In March last year after being diagnosed with type 2 diabetes I made a real effort to lose weight. From March to September with the help of a fantastic dietician by reducing carbs and calories I managed to lose 29 kg. I've managed to maintain the weight loss but find that I'm getting a bit bored with the same recipes. Anyone got any good low cal/carb recipes to share?
  4. 2 points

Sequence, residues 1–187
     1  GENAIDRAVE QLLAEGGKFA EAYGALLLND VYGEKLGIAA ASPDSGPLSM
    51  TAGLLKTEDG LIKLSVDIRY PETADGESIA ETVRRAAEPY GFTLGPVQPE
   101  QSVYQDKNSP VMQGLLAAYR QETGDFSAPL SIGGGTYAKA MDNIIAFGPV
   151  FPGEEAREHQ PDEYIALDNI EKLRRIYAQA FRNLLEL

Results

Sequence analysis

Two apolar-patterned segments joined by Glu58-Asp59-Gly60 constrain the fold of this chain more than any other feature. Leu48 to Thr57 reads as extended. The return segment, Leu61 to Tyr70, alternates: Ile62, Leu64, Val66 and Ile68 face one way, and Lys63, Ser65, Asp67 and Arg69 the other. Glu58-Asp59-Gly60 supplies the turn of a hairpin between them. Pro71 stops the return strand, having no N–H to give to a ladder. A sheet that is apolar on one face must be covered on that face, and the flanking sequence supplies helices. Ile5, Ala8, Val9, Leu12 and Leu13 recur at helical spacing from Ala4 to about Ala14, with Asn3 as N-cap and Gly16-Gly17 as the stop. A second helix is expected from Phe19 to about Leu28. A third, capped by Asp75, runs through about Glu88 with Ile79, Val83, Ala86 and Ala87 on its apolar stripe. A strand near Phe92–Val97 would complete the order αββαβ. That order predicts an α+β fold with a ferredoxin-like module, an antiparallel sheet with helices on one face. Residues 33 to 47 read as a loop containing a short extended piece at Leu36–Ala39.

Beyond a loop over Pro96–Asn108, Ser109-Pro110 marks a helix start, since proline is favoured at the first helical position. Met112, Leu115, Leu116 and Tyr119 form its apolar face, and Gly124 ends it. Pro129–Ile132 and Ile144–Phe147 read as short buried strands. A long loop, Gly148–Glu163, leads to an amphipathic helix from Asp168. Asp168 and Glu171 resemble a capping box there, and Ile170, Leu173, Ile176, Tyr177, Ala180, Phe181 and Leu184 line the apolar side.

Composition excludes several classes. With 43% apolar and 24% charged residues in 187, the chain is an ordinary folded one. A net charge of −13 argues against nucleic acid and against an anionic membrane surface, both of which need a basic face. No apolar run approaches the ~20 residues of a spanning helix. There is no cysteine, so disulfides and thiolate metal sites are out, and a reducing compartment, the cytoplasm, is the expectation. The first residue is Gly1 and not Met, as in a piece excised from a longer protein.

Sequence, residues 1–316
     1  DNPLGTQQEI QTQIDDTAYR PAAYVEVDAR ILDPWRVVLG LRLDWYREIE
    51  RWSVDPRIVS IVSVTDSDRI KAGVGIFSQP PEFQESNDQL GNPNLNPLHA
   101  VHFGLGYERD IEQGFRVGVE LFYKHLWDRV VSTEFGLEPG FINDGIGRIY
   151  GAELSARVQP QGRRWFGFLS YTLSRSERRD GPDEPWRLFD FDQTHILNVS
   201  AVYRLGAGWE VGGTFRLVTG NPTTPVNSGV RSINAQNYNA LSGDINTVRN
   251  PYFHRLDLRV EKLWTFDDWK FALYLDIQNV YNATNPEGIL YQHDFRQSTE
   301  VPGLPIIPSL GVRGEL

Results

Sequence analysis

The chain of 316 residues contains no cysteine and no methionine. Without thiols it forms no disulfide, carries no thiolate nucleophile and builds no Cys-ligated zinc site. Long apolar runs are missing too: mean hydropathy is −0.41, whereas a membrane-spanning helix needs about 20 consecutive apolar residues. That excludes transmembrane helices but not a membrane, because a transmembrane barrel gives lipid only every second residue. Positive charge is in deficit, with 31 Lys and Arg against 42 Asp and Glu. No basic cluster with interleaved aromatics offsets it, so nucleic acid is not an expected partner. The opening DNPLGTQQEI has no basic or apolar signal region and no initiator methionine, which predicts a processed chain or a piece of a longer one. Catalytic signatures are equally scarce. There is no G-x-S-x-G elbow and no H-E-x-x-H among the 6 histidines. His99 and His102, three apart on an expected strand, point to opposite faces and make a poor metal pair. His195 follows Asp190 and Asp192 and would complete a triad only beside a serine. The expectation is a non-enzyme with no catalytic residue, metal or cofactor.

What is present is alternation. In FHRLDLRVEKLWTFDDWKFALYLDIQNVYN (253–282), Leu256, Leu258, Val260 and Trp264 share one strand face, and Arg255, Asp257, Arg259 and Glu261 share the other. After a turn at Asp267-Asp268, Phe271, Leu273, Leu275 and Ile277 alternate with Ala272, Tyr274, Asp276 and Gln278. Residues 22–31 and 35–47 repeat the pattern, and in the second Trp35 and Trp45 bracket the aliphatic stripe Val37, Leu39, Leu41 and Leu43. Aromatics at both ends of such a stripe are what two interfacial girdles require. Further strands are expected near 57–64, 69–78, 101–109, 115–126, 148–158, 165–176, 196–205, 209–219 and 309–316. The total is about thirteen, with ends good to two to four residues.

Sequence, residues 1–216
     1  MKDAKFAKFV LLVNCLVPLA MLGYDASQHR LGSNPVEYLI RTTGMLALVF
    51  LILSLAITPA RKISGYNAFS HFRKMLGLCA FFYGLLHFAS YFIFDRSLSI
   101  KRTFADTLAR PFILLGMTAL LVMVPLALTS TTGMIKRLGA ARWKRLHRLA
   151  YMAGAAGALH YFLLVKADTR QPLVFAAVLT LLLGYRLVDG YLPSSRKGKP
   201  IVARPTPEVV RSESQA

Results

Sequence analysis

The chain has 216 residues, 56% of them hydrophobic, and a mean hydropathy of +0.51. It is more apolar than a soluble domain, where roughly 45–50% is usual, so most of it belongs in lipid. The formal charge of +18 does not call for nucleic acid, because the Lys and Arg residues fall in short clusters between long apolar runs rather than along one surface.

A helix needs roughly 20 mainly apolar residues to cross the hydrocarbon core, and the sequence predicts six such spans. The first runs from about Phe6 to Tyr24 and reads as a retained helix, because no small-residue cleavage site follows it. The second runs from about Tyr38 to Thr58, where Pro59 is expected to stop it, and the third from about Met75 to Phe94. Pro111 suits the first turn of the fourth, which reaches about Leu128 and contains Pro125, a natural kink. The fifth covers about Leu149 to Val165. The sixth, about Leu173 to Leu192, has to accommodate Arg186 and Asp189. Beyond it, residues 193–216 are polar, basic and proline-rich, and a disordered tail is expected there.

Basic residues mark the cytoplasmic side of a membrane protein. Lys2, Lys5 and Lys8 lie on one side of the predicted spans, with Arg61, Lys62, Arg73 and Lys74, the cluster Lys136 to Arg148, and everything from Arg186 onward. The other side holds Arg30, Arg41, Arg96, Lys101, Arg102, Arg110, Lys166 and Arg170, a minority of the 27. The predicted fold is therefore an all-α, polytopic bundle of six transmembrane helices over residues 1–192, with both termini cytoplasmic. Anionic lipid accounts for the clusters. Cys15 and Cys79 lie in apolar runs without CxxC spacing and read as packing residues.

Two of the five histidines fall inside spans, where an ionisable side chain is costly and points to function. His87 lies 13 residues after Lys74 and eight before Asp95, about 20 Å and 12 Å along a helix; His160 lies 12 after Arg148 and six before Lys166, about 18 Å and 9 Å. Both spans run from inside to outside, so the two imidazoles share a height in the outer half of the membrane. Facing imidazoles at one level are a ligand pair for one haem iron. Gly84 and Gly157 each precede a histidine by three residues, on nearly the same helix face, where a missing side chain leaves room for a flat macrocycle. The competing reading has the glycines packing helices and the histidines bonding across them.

As someone who has actually done this, our story is. When my husband retired, after being expats for 10 years, we decided it was our time to do what we wanted to do, so we decided to live in Australia for a few years, rather than return to England. Our 3 children were in England, but all had finished university, and independent, which is I think is very relevant. Youngest was 22, but also they were used to us living in another country and joining us for their holidays. It was much harder for them to be apart from us when they were younger though. So after 19 years, we are still happily living in Australia, 2 of our children followed us to live here, and have absolutely no intention of moving back to England. Our oldest stayed in England and will never consider leaving. Like so many of our friends, our children have chosen where and how to live their lives. Our only grandchildren are in UK, we have visited annually pre covid, but that’s life, you make choices and some good, some bad, and have to accept them. I wonder if history repeats, as I went to live in Zambia in my mid twenties, never giving much thought about the effect it had on my single mother, and then in retirement, my husband and I did what we wanted to do, but did make sure that our children were independent and had somewhere to live, what they did after that was up to them.